A Brooklyn neighborhood is thrust into the spotlight

SAEED SHABAZZ | 1/14/2016, 3:28 p.m.
Theo McLeod, 61, a retired construction worker purchased his home on Osborne Street, in the Brownsville section of Brooklyn nearly ...
Marcus Garvey House, Brownsville, Brooklyn Wikipedia

Theo McLeod, 61, a retired construction worker purchased his home on Osborne Street, in the Brownsville section of Brooklyn nearly 19 years ago. He speaks proudly of this neighborhood of well-manicured lawns and single-family homes.

Pointing to a Black man leaving his home across the street, McLeod said, “He is a retired sanitation worker, and my neighbor to the right is a retired transit worker.” People on this block hold a variety of jobs, he explained to the AmNews.

McLeod’s home sits two blocks from the Osborn Playground, where five young men allegedly committed the rape of an 18-year-old woman. “We have talked about it at our dinner table, but one thing is for sure,” he said. “This is not normal behavior for our community. Rape? No brother, we don’t have rape around here. And trust me when I tell you, it ain’t something that we are going to tolerate.”

The Osborn Playground encompasses 1.90 acres, bordered by Linden Boulevard, Osborne Street and Thafford Avenue. It has basketball and handball courts, a park house with bathrooms, a playground for young children and a spray shower. The park sits parallel to the Thelma Hamilton School Complex, located on Rockaway Avenue, which has a Police Athletic League Beacon Program.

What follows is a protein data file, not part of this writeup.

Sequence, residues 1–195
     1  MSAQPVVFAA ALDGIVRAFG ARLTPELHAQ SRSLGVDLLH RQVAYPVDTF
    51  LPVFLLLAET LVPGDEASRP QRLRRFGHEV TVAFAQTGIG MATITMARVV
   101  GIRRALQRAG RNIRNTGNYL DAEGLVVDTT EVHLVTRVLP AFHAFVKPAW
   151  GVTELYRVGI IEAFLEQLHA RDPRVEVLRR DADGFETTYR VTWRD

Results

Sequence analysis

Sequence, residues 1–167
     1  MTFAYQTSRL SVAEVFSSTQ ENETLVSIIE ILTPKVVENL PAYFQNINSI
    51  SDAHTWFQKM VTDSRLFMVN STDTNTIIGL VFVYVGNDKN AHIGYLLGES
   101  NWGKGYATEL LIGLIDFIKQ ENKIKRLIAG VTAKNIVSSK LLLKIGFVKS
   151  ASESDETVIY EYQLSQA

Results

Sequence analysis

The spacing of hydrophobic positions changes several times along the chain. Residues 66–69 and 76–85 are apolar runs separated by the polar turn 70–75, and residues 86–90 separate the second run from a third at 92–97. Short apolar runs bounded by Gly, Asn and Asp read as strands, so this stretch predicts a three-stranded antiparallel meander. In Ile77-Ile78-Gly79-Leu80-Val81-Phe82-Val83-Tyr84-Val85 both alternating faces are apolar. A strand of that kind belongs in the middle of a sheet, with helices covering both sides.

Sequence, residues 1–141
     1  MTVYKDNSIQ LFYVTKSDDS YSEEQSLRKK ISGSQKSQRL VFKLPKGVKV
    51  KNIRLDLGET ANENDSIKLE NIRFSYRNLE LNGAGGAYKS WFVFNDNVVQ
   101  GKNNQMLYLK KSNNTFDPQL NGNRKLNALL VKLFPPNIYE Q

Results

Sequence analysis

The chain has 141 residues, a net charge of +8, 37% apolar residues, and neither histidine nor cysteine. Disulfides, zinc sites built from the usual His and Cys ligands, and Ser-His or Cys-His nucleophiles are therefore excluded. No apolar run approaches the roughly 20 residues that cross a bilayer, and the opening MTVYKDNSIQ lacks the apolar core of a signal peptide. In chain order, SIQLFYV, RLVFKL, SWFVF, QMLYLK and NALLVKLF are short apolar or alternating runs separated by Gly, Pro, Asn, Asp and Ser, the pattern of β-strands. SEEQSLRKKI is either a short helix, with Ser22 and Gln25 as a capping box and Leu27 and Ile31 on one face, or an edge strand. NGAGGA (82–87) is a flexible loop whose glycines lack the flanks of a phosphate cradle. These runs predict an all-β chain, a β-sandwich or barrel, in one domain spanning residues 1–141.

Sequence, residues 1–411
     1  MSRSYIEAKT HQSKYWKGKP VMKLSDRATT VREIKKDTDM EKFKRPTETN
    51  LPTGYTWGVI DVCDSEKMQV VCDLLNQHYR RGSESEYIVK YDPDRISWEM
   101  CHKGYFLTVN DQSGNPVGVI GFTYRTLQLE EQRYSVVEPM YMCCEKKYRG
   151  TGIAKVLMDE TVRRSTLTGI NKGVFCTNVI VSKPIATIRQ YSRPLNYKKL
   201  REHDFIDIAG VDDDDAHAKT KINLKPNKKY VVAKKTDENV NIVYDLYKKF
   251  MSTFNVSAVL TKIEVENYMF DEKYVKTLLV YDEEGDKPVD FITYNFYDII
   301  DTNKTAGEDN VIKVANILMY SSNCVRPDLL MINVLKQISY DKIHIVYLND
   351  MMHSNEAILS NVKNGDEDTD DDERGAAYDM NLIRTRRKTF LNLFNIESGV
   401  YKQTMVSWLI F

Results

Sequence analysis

The AmNews visited the playground Jan. 12 and observed a pristine area with an NYPD spotlight. “What you witnessed was a Parks Department cleansing.” Andre A.T. Mitchell, director of the Man Up! program, told the AmNews. “Last Thursday that park looked like a desolate wasteland. The NYPD put the spotlight there after hearing complaints during the January 10 press conference, but we want real lights in the park.”

Mitchell, a long-time community activist proudly boasts of being a Brownsville native and of the activities of his organization. “We have been in this area for eight years now,” he said. “We run a youth center exclusively for the youth of the Noble Drew Ali complex.” In addition, Man Up! operates programs in nine schools and two after-school centers.

“Are the young people talking about the alleged rape? Yes,” Mitchell admitted. He added, “But many of them seem confused by what is being said in the media.”

Mitchell expressed how important timing is. “This is a teachable moment,” he said, “and we had already scheduled our Fatherhood Initiative Men’s Conference Between Men and Boys, located at the George Gershwin JHS #166 at 800 Van Siclen Avenue, from 12 to 4 p.m. Student Minister Henry Muhammad from Mosque 7c will be our keynote speaker.

“One of our workshop subjects is, ironically, ‘Relationships Between Fathers and Daughter: How Do We See Our Girls? How Do We Protect Them?’”

It was bitter cold on the evening of Jan. 12, so people were not in the mood to answer this reporter’s questions concerning where the five young men lived, or whether they know any of them. “When anything bad happens around here, people automatically point to ‘The Plaza’ as the only place where bad things can happen,” offered Mitchell. “There are a lot of beautiful people living there, who want to distance themselves from the stigma, and there is a new ownership trying to make it a better place to live.”